Friday, August 14, 2009

Productivity - Did our ancestors worry about it?

I have been reading a series of posts over at Carole's Canvas about productivity and how she is planning to think about what she has accomplished during the day and to decide on three things she wants to do the next day. She is planning on blogging on them, not necessarily every day but regularly to help with productivity.

She mentions thinking about this before you go to sleep. Wise plan! As I was waking up this morning, I was thinking about productivity. (Yes I should have thought about it before I went to bed.) I have a number of projects on the go right now. I have several historical society projects and some client work that I must focus on.

One very important one is my soldiers' project. I thought I'd done more on it. Yikes! The deadline of September 14 is only a month away. I thought I'd done all the research as I have two binders of information. I only had written about three or four soldiers and these needed polishing and citation clean up. I had put it aside and had not done much work on it during the past year.

Last night, when I started to write about another one, I realized that I didn't have enough information about Alexander Gunn, son of John Gunn and Joanna McKay. His sister (Mrs. L. Penner) is listed as next of kin on his attestation papers. What happened to his parents? Did he have any other relatives that mourned his death when he was killed?

I do not have an obituary for him. All I have is a photograph from the newspaper, with a few details saying that he was missing in action and that he had worked for the local fire department before enlisting . It was too late by this time to head to the library to do further research in the newspapers.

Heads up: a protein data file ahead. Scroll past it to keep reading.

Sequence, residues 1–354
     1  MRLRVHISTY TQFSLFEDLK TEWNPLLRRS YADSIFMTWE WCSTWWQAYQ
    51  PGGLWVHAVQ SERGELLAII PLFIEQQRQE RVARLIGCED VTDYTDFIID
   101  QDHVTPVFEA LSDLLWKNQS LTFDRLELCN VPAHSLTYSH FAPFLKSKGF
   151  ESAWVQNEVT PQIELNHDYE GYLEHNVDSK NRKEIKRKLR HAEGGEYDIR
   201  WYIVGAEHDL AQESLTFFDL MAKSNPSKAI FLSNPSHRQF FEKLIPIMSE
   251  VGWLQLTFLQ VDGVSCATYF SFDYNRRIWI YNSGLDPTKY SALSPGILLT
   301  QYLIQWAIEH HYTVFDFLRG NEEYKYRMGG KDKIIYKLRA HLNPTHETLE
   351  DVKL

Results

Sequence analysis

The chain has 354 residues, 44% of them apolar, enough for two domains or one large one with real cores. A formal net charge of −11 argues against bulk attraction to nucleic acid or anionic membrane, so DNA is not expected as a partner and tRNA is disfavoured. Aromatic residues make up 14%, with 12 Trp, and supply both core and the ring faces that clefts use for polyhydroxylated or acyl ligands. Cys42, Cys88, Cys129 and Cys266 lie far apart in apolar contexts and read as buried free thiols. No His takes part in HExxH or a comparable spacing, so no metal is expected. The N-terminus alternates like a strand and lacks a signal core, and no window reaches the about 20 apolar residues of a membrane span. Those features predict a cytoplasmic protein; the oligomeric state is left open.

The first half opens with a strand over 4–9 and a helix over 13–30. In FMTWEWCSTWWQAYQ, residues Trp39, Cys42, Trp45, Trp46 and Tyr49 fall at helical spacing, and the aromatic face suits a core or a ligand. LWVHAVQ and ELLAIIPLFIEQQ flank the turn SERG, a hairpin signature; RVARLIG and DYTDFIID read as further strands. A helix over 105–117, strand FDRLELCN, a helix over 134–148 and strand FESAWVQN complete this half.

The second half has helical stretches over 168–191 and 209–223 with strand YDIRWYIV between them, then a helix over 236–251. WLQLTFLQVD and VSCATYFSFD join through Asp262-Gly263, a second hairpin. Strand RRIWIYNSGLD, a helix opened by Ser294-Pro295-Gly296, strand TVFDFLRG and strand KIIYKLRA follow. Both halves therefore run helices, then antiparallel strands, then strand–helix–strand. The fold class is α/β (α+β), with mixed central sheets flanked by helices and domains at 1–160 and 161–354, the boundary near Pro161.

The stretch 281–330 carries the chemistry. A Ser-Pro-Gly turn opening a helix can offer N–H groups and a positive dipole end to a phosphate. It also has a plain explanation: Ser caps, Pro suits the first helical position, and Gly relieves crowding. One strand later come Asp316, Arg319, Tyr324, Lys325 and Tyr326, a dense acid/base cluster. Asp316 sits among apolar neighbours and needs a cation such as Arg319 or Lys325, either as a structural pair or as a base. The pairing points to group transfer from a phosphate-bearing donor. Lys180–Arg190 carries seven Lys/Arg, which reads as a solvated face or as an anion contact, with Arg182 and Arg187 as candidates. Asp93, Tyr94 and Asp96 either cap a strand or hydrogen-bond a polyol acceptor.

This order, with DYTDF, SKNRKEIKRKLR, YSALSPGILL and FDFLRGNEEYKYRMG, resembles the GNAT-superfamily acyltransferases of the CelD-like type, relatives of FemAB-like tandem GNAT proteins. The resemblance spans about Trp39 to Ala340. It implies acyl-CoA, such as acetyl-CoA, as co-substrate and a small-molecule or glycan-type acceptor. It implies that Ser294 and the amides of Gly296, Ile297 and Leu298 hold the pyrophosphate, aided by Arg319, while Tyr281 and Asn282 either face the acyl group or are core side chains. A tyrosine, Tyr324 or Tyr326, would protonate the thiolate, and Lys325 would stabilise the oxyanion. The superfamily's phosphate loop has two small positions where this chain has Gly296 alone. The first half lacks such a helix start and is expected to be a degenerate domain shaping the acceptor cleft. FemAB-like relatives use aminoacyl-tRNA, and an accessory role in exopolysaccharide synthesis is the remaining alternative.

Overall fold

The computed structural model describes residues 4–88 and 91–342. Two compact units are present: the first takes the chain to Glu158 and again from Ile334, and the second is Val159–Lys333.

I did find his parents marriage registration and his mother's death registration and possibly a second marriage for his father on Alexander is living with his aunts Mary and Betsy McKay according to the 1901 census in Sydenham Township and in 1891 at the age of 7, he is listed in the household of William and Isabella Cullen. Alexander is listed as the nephew of William. Mary McKay and Betsey McKay, also in the same household, are listed as sisters-in-law to William.

For Canadian soldiers who died in the First World War, two websites are very helpful for this type of project. - CWGC (Canadian War Graves Commission) and Veterans Affairs site - Canada Remembers- Canadian Virtual War Memorial. It is wise to visit both sides to compare information. On the CWGC site, he is listed as Andrew McKay Gunn with the 44th Bn (Battalion). On the Canadian Virtual War Memorial, he is listed as being with the 25th Bn (Battalion).

Alexander McKay is remembered on the Vimy Ridge Memorial. He is also remembered on two plaques at Knox United Owen Sound.

To get things done, I will set a goal for each day. I will watch what new projects I take on during the next few weeks. I will still make time for myself to enjoy each day.

Did our ancestors worry about productivity? Did they set goals?

© 2009 Janet Iles

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